Monday, April 16, 2007

Asian Fare

I believe that traditional Asian meals can be a very healthy way to eat. Because of this (and my own Asian heritage), I like to incorporate Asian dishes into my daily menus.

I grew up in a German/Irish household (that relied heavily on meat & potato dishes), so I've never been exposed to genuine Asian cooking. All of my Asian cooking has been learned from cookbooks and the occasional TV cooking show.

As a result, my Asian dishes are fairly limited, but they are fairly healthy. Here are some examples:

Fried rice: I use a non-stick pan so I need very little oil. I use a mix of leftover brown and white rice. I skip the egg, and I use frozen peas & carrots for simplicity. Sometimes I dice in some onion if I have the time. I'll also add cubed tofu. Generally I try to use light soy sauce, but occasionally I add a splash of the regular kind. The extra saltiness adds to the flavor, I think.

Miso soup: I use a homemade mushroom broth, white miso and sometimes add a few bits of seaweed. I slice up mushrooms if I have them in the fridge, and will also occasionally add a spoon of brown rice. On rare occasions I'll toss in other veggies, too, like grated carrot or some spring onions.

Sushi rolls: My kind aren't actually sushi, because I don't season the rice. I use white sticky rice and roasted nori. My filling is almost always avocado, although sometimes I use cucumber or grated carrot, too. I sometimes sprinkle toasted sesame seeds on the rice. I guess they're more rice balls than sushi rolls.

Stir-fry: I suppose this is an Asian dish, though I tend to think it's very Americanized now. Again, I use a non-stick pan so I can avoid too much oil. I basically toss in whatever veggies are convenient--usually frozen broccoli and cauliflower, chopped carrots and chopped onion. I typically add cubed tofu, too. I season with a dash of soy sauce. Often I serve this over brown rice, but I've eaten it plain, too.

I make a few other things on rare occasions, like fresh spring rolls, Pad Thai or soba noodles. For the most part, however, this is the extent of my Asian cooking. I'd love to eat more Asian foods, however.

Anyone have suggestions for quick and healthy Asian dishes?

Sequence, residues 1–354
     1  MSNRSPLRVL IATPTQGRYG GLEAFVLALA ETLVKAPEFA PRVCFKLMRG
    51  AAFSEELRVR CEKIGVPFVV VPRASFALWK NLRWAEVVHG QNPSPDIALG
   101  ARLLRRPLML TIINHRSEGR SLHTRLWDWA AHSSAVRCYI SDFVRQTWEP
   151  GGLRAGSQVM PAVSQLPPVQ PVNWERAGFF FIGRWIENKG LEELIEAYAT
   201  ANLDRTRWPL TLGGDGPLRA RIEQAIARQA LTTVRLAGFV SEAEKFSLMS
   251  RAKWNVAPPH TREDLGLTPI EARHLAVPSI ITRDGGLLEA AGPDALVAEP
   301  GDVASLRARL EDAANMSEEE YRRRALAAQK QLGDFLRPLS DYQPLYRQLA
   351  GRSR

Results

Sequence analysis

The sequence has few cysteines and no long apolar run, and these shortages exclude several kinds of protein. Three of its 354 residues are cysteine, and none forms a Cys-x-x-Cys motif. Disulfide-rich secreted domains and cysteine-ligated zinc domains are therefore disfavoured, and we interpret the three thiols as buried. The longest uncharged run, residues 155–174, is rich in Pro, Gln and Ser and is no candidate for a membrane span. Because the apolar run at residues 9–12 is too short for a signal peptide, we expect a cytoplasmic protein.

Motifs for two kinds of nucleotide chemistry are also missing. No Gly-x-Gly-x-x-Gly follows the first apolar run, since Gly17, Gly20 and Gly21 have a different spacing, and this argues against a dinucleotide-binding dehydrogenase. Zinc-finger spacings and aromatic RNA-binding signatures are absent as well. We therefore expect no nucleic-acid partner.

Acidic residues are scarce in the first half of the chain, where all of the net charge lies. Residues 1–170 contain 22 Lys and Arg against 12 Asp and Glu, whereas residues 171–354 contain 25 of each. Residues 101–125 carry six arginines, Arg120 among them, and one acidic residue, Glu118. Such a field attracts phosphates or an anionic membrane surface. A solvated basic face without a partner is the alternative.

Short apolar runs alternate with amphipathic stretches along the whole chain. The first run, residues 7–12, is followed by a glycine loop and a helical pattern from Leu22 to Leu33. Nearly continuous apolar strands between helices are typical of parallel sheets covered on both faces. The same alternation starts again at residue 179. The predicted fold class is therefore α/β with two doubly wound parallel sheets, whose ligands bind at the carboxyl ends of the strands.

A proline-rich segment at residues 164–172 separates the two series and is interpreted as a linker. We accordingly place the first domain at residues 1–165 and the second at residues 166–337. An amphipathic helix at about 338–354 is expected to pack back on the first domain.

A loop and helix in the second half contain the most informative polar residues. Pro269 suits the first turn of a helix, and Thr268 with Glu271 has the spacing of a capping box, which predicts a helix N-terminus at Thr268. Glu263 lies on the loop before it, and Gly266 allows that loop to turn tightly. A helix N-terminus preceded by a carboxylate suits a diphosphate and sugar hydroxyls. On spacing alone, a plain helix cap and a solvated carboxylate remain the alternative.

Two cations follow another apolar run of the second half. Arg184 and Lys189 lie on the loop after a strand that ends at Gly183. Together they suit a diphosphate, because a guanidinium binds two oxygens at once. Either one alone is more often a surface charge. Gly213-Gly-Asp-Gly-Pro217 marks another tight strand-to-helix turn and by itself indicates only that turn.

Fatinah said...

Unfortunately, you've already listed the only ones I know. Sorry.

Hey, how did your dinner go with your mom over??

~~Midnight Raider~~ said...

Dinner with Mom went great. She loved her food. I don't think she "got" the idea that vegan/meat meals don't have to be so far removed from each other, but at least she enjoyed her dinner.

Hamster said...

Don't know if you've seen this already but if not Yu might be interested in this website.
It's got about 30 recipes each one with a cooking video to go along
Good if you like to try cooking Thai food at home

Maria said...

I like to do a chickpea curry (I think you call them garbanzo beans). Use good tinned chickpea's (you don't need to cook them). Fry a chopped brown onion in a big pan. A non-stick pan is better with maybe a teaspoon or two of oil..or a little bit of water to saute the onion (if you don't want oil).. but the oil intensifies the flavors..and it's only minimal. Drain and wash two tins of chickpea's. Pour them into the hot pan and stir occasionally, heating them through well. When the pan is quite hot again, put in a tablespoon of an Asian curry paste you like (in your case, a vegan choice that would have no shrimp or anything like that in it). A Tandoori or Tikka paste is good. Fry-off the paste (among the garbanzo's) while stirring. The heat will release the flavors and aroma of all the spices. Stir over the heat occasionally until the pan is looking almost 'dry' and you can really notice the paste aroma. Pour 2 tins of good chopped, tinned Italian tomatoes. Season with salt and pepper. If you have a vegie-based stock cube (I have 'chicken style' stock cubes that are all vegie. But taste like chicken)! If you have stock powder.. a half a teaspoon of that is good if you don't have a cube. Failing to have any of that in the house..even a tablespoon of soy sauce can substitute.. (but only as a last resort)! Allow it to come to 'bubbling point' and simmer for 10 minutes. Taste. Does it need more salt or another cube? If the paste you have bought isn't spicy enough, add a fresh red or green chopped chilli or some chilli powder (to taste). Then add a handful of chopped spinach and stir-in well. This can be fresh or defrosted from frozen. Stir-through well... heat through well.. and your chickpea (or garbanzo bean) curry is done. I have served this with brown rice (cooked well until soft) -but any rice is ok. Thanks also for visiting my blog! Take Care :-)

the veggie paparazzo said...

I need to put stir-fry on a menu for us soon. So quick, easy, and tasty.